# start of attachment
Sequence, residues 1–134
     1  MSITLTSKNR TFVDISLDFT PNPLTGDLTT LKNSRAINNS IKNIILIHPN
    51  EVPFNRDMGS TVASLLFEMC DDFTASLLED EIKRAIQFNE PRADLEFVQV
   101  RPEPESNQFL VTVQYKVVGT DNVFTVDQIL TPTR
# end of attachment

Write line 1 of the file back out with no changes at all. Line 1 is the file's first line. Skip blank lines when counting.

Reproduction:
Sequence, residues 1–134